Friday, December 17, 2010


It is a sign of advancing age that one calculates the probability of breaking one's leg before venturing out in the ice and snow of a morning.  I was not quite as old as Elizabeth Edwards when I had my last child, but old enough that I no longer look at a slide down the miraculously ice covered driveway as a cool personal luge, but as an opportunity for a visit to the emergency room.  Nothing could convince his sisters to go outside and try, so that left me.  I must admit it was fun, but not fun enough to do the return climb back up the driveway more than a dozen times.

After lunch, promised the sisters, we'll go out and slide with you.  Saved by the florist, they were.  Florist?  An old van with balding tires boldly (stupidly?) drove down to the house.  My disbelief that a florist was in our driveway (we don't usually spend money on such a luxury) was suspended long enough to predict that he wouldn't get back up it, but it doesn't seem it occurred to the delivery man.  He just needed a running start.  Uh-huh.  After losing a half inch of rubber from his tires, I told him I'd get the tractor out and plow it, thereby ruining the luge.  William's face fell, but there was no hope for it.  I didn't want the man staying for dinner. Anna took William to sled on the ice crusted snow in the back, but it wasn't the same.

After twenty minutes of pushing ice, the man thanked me and commented, "That looks like fun!"   Perhaps he should get a job on a construction crew, rather than delivering wreaths (what we received from dh's work).

Horses were confined to the paddock next to the barn.  I couldn't risk that one might fall and break a leg crossing over to the pasture.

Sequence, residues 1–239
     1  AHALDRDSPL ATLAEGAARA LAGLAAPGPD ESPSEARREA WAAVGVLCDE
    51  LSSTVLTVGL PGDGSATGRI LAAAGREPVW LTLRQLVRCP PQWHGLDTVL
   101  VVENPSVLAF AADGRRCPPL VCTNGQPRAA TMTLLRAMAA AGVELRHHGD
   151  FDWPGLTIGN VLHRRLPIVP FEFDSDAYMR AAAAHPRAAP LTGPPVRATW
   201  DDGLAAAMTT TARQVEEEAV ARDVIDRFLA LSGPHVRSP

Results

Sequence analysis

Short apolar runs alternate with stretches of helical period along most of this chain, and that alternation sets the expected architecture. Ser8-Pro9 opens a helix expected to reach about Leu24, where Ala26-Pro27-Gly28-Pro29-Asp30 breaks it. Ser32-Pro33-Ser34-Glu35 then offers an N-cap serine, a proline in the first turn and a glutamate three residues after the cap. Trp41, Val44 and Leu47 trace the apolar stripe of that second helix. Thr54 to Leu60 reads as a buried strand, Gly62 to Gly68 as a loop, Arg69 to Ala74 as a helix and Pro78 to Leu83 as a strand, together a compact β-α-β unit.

An article claims that school is not where most Americans learn science  I believe it just based on the questions I get from my son.  A friend asked if I had noticed the beautiful rainbow colors as the sun shined through the ice crystals on snow?  Yes, I replied, I have an 8 year old, who asked:

Why does the snow make rainbow colors?  (Because it is made of ice crystals.)
How does it make ice crystals?
How is it that each snow flake is different?  How are snow flakes formed?
How did that water you dropped freeze so quickly on the driveway?
Where are the squirrels?
How can they manage to sleep so long?
How do the birds stay warm?
...and so on.  If I've said it once, I've said it many times, "We'll have to look that up on the Internet."
I don't know what I did before we had it.


Jenn Jilks said...

You be safe! I could picture the scene, not pretty!
I often wonder about rural delivery people!!! Saw one stuck at our old place in 4" slushy snow, while our car with snow tires sailed through.

Fatcat said...

I am not enjoying this ice. Not one bit.

When I was a kid we had a set of encyclopedias that we attempted to look everything up in.

I enjoy googling all the big questions of life though. And the small ones.

pita-woman said...

Hmm, was the florist from M&P in Crestwood, and was his name Louie?


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